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The Battalion

The Student News Site of Texas A&M University - College Station

The Battalion

The Student News Site of Texas A&M University - College Station

The Battalion

Sophomore LHP Shane Sdao (38) reacts after a strikeout during Texas A&Ms game against Texas at Disch-Falk Field on Tuesday, March 5, 2024. (CJ Smith/The Battalion)
A Sunday salvage
May 12, 2024
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The Northgate district right adjacent to the Texas A&M campus houses a street of bars and other restaurants.  
Programs look to combat drunk driving
Alexia Serrata, JOUR 203 contributor • May 10, 2024
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Texas A&M pitcher Ryan Prager (18) reacts during Texas A&M’s game against Arkansas at Olsen Field on Thursday, May 16, 2024. (CJ Smith/The Battalion)
No. 5 Aggies outlast No. 3 Razorbacks in 11-inning pitchers duel
Luke White, Sports Editor • May 17, 2024

If you’re a fan of high-scoring baseball, Thursday’s matchup between No. 5 Texas A&M and No. 3 Arkansas probably wasn’t for you. But...

Sophomore LHP Shane Sdao (38) reacts after a strikeout during Texas A&Ms game against Texas at Disch-Falk Field on Tuesday, March 5, 2024. (CJ Smith/The Battalion)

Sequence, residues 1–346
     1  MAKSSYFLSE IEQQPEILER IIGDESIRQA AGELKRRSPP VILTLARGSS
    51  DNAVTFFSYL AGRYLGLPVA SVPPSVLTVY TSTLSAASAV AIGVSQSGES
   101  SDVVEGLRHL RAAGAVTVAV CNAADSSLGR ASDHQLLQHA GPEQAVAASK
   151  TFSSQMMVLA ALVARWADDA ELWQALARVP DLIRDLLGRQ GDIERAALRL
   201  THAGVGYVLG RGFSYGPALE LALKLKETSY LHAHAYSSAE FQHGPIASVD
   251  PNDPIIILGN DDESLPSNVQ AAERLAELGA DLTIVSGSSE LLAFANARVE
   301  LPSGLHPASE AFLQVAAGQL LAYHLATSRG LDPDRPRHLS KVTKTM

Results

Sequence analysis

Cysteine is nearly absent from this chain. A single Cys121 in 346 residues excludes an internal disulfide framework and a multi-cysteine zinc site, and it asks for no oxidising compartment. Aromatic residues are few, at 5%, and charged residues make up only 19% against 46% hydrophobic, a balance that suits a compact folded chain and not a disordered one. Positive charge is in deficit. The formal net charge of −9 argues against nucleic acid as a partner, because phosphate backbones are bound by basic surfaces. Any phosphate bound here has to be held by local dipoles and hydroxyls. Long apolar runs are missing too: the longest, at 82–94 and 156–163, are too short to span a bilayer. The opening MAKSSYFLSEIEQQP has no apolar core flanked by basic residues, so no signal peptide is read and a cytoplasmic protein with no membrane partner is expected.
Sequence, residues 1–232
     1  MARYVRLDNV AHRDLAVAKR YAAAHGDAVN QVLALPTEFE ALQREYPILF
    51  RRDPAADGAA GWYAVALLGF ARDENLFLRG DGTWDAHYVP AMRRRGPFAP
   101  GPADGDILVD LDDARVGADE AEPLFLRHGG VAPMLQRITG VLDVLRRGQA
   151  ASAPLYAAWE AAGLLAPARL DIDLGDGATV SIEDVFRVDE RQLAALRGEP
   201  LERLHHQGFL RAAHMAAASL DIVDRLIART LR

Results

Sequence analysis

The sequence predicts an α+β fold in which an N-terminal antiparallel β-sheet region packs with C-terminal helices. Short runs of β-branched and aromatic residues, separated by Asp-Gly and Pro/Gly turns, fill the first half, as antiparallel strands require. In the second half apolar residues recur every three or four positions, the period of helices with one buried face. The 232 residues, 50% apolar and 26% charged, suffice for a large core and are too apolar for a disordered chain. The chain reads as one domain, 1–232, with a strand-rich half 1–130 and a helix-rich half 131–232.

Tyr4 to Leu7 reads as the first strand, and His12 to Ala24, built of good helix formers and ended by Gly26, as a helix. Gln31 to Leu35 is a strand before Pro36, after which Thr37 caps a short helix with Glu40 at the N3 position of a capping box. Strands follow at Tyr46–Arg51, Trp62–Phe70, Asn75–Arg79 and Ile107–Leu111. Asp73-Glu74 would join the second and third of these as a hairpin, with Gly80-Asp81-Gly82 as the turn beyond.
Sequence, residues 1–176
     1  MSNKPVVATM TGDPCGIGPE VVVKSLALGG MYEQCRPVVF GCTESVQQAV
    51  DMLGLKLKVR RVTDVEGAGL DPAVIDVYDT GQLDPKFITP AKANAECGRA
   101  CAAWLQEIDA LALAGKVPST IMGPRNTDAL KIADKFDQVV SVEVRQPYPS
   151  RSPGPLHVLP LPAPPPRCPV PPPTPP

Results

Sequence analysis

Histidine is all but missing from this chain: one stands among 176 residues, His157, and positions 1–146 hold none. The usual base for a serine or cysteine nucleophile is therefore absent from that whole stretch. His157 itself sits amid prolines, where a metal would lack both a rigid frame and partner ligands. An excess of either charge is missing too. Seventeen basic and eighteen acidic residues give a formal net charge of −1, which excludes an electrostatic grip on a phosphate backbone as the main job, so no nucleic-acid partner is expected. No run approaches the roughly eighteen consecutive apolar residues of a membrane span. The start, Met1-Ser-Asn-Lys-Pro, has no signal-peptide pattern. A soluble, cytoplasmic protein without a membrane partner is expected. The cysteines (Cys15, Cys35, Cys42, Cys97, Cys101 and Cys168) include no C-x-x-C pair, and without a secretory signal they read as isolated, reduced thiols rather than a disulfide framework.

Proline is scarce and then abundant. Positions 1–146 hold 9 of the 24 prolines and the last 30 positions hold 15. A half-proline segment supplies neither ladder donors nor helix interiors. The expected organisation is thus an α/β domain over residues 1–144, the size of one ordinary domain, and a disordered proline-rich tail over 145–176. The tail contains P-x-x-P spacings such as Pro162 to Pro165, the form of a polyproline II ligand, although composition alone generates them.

A Sunday salvage
May 12, 2024
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Beekeeper Shelby Dittman scoops bees back into their hive during a visit on Friday, April 5, 2024. (Kyle Heise/The Battalion)
Bee-hind the scenes
Shalina Sabih, Sports Writer • May 1, 2024

The speakers turn on. Static clicks. And a voice reads “Your starting lineup for the Texas A&M Aggies is …” Spectators hear that...

Kennedy White, 19, sits for a portrait in the sweats she wore the night of her alleged assault inside the Y.M.C.A building that holds Texas A&M’s Title IX offices in College Station, Texas on Feb. 16, 2024 (Ishika Samant/The Battalion).
'I was terrified'
April 25, 2024
Scenes from 74
Scenes from '74
April 25, 2024
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Farewell from the graduating Battalion staff of 2024
Farewell from the graduating Battalion staff of 2024
The Battalion May 4, 2024

Sophomore LHP Shane Sdao (38) reacts after a strikeout during Texas A&Ms game against Texas at Disch-Falk Field on Tuesday, March 5, 2024. (CJ Smith/The Battalion)
A Sunday salvage
May 12, 2024

With stem cells, research trumps religion

Before an audience of scientists and researchers in the White House, President Barack Obama signed an executive order lifting a ban on federal funding restrictions for embryonic stem cell research. With $10 billion promised to medical research in the president’s stimulus plan, it is likely that a good portion of that will be directed toward stem cells.
By reversing former President George W. Bush’s religiously motivated prevention of progress, Obama has encouraged new opportunities for medicine. As there is legitimate hope that stem cell research can lead to treatments for Parkinson’s diseases, Huntington’s disease and liver damage, the U.S. government has a responsibility to its citizens to fund life-saving research.